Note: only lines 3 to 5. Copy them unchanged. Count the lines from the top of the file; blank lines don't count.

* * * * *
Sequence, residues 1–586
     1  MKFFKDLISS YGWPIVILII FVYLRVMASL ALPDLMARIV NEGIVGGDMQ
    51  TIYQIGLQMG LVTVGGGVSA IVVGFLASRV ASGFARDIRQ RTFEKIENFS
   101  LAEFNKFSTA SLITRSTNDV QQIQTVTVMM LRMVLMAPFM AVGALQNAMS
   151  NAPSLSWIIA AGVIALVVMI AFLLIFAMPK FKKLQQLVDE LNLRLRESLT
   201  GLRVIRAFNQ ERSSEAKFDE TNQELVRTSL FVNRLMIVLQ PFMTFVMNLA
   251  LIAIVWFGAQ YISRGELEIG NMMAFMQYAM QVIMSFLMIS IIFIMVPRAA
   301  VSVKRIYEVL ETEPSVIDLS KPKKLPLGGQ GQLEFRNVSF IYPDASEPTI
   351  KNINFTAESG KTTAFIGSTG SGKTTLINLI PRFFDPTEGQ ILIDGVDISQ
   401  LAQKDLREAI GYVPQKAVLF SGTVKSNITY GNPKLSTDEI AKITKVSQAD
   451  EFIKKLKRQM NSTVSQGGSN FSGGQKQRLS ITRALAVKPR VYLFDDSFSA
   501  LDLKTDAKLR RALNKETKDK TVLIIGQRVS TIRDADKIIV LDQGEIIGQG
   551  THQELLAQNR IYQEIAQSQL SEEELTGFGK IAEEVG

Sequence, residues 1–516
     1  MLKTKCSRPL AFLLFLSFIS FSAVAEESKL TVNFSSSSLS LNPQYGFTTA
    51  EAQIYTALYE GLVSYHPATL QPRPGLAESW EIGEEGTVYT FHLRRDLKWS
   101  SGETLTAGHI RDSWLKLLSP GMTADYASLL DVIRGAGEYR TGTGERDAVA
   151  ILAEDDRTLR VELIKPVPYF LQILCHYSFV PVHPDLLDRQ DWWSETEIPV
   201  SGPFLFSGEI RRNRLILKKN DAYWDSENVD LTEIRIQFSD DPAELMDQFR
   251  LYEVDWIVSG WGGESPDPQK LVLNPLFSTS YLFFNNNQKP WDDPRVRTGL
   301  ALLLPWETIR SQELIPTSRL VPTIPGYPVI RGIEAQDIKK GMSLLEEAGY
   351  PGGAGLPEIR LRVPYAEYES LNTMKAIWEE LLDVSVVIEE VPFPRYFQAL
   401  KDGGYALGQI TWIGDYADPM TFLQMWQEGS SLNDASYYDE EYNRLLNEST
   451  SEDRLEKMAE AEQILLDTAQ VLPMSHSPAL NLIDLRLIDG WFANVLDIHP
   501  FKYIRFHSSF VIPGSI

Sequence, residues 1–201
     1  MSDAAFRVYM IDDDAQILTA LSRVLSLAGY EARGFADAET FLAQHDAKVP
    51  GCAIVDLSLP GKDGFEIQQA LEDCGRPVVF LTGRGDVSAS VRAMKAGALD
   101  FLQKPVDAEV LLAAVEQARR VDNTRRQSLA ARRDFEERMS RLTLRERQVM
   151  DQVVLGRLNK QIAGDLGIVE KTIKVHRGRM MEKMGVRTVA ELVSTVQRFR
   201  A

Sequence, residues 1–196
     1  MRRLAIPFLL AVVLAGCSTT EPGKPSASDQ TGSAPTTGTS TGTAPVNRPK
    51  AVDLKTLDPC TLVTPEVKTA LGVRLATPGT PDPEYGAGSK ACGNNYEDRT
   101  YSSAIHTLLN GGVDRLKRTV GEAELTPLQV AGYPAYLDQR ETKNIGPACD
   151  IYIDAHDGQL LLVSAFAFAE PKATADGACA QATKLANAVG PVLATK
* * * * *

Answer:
    51  TIYQIGLQMG LVTVGGGVSA IVVGFLASRV ASGFARDIRQ RTFEKIENFS
   101  LAEFNKFSTA SLITRSTNDV QQIQTVTVMM LRMVLMAPFM AVGALQNAMS
   151  NAPSLSWIIA AGVIALVVMI AFLLIFAMPK FKKLQQLVDE LNLRLRESLT